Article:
It’s hard to have a sense of humor about a macOS affair that causes great grief. It requires a unique perspective to look at the lighter side. Here’s one.
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Some readers have sent John reports of macOS Catalina install problems. Scary stuff.
Brittany Smith is a productivity coach who provides a variety of consulting services through her business, Devise and Conquer, that includes ADD/ADHD coaching, technology coaching, productivity consulting, and more. She is a self-designated “well-rounded geek.” She holds an M.S. degree in Cognitive Neuroscience.
In our chat, Brittany told me about her adventures with homemade videos, with a PC, as a youth. Her father was a podiatrist and her mother was a programmer, so there were always computers in the house. But the Vista version of Windows drove her into the arms of the Mac. In the second half of the show we delved into just what cognitive neuroscience is, her productivity and Apple tech coaching. Along the way we chatted about the influence of Star Trek (and Disneyland) on her career. Brittany sparkles in this interview.
Over the years, we’ve seen steady improvements to macOS. But it requires a brilliant, in-depth look at Catalina to put the continuous developments into proper perspective.
According to USA Today,
Some screen time is worse than others when it comes to kids and academic performance, according to a new analysis published in the medical journal JAMA Pediatrics.
Television viewing, followed by video games, were the two activities most tied to poor school performance, researchers showed in a review of 58 studies published over the decades.”
Other activities: not so much. This is a helpful article for parents.
Dr. Brian Keating is an astrophysicist at the Center for Astrophysics and Space Sciences at the University of California, San Diego. His specialty is cosmology, and he is the father of the original BICEP project (Background Imaging of Cosmic Extragalactic Polarization). Last year, Brian published a terrific, courageous book about his team’s research, some life lessons, and the challenges of scientific research: Losing the Nobel Prize: A Story of Cosmology, Ambition, and the Perils of Science’s Highest Honor. It’s now out in paperback.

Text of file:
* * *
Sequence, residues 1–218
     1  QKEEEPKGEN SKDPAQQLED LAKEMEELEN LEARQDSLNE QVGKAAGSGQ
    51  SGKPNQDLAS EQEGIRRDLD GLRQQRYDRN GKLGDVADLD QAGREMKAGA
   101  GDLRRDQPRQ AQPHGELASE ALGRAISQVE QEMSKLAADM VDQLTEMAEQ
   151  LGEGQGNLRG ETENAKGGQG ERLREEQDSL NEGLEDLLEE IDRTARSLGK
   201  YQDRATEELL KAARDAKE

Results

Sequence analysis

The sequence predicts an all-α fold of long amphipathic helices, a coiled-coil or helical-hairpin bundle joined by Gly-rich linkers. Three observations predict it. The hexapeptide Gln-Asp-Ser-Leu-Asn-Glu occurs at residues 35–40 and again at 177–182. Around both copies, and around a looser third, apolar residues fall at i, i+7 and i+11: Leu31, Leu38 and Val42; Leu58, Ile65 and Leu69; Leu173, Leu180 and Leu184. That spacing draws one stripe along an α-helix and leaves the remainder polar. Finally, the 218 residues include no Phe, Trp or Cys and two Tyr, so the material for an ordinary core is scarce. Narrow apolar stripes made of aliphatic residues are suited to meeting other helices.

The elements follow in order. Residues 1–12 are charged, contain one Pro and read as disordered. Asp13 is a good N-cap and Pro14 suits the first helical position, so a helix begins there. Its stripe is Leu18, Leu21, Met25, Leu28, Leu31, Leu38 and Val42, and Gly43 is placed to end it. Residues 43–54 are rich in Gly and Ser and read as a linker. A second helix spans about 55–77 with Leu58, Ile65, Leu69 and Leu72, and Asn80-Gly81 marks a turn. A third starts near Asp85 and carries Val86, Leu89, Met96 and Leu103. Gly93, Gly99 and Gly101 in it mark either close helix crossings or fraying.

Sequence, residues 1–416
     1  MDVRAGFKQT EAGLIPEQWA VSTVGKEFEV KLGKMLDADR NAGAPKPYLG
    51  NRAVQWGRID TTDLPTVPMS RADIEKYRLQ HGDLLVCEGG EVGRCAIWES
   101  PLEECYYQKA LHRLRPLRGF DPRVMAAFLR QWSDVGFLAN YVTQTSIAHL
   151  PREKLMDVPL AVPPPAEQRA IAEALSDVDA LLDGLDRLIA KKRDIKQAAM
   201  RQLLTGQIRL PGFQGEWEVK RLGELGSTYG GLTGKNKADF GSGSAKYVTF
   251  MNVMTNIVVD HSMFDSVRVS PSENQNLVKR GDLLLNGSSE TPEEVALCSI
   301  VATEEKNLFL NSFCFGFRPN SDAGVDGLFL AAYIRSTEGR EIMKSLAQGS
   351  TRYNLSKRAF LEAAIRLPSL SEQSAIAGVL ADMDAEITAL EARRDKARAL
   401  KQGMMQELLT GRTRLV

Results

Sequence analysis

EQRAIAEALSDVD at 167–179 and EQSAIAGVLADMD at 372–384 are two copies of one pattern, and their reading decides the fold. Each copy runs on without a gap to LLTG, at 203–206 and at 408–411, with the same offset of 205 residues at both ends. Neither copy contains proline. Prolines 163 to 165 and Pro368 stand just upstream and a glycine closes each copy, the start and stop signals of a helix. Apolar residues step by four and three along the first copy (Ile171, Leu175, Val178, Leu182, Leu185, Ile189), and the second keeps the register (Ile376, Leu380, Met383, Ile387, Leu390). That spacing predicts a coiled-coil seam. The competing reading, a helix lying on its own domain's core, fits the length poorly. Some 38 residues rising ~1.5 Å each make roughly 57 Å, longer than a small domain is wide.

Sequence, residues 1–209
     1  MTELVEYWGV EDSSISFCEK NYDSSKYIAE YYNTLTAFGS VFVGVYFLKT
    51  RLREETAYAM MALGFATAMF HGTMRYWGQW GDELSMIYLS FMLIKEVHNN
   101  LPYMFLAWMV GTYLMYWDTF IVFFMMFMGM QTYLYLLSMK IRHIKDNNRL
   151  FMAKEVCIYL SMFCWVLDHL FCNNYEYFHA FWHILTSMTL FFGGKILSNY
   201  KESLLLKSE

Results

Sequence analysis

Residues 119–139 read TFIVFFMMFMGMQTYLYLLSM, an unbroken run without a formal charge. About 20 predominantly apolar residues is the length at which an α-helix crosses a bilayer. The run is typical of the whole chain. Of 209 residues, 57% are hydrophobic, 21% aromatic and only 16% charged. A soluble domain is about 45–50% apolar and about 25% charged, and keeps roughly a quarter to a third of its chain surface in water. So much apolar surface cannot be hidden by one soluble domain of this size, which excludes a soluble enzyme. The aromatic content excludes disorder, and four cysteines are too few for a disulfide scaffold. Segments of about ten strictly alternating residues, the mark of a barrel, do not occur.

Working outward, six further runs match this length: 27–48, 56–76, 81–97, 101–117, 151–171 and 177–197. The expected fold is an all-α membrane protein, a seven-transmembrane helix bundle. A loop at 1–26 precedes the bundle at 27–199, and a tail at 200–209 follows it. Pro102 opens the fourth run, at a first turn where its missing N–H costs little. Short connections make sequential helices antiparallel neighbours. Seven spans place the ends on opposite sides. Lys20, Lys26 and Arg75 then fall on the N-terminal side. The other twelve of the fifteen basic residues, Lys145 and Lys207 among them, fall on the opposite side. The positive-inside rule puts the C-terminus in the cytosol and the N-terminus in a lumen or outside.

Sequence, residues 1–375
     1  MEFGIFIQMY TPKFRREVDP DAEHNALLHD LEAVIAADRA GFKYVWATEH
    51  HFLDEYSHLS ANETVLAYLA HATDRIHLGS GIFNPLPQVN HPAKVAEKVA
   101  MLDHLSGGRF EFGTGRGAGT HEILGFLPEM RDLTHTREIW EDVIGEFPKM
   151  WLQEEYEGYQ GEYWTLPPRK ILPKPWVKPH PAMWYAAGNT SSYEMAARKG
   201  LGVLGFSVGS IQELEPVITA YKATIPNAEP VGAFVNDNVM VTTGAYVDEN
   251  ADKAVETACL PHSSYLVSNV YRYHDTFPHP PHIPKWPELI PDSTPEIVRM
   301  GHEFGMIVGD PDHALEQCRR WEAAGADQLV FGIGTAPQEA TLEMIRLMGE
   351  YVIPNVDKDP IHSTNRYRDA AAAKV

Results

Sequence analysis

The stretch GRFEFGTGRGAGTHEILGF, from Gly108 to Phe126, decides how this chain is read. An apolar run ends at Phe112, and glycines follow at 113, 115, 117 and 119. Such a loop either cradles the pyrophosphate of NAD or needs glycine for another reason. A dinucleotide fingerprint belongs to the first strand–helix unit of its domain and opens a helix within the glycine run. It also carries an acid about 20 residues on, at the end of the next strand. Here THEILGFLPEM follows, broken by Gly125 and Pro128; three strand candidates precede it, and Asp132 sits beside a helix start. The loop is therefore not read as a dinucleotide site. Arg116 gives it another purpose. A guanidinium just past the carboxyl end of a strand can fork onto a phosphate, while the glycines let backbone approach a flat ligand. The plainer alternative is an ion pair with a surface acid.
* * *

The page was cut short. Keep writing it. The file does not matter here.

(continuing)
This time, we expanded on the discussion in his book about his quest for the Nobel prize. At the core: what the polarization of the cosmic background radiation tells us about the Big Bang. We also delved into the theory of the multiverse and its relationship to the anthropic principle. Finally, find out how you could win a piece of a 4.5 billion year old asteroid.
A consumer survey has confirmed what we already suspect. Too many costly streaming options will lead to piracy.
Dr. Susan Schneider is an Associate Professor of Philosophy and Cognitive Science at The University of Connecticut. She writes about issues in philosophy, AI, cognitive science and astrobiology. Within philosophy, she works on both the computational nature of the brain and the metaphysical nature of the mind. The topics she has written about most recently include radical brain enhancement, machine intelligence, consciousness, and the nature of persons. Her new book is Artificial You – AI And The Future Of Your Mind.
In our chat we covered many of the major issues of AI: the computational nature of the mind, consciousness, the question of whether consciousness is restricted to humans, extraterrestrial post-biological intelligence, AI implants in humans, and the ethical and cybersecurity issues of AI. Susan talks to AI issues you may have never thought about before. Join me in this awesome 30 minute virtual seminar on AI.
John looks at some of the week’s interesting news items. Including a massive blunder by Google and Chrome.
USA Today/tech has published a showcase of the Mac OS X/OS X/macOS wallpapers throughout the years. It’s very cool. By the way, TMO discovered which galaxy was used for OS X Mountain Lion back in 2012.
Carter Wilson is the USA Today and #1 Denver Post bestselling author of six critically acclaimed, standalone psychological thrillers, as well as numerous short stories. He is an ITW Thriller Award finalist, a three-time winner of the Colorado Book Award, and his novels have received multiple starred reviews from Publishers Weekly, Booklist, and Library Journal. His latest novel, The Dead Girl in 2A, was released in July 2019.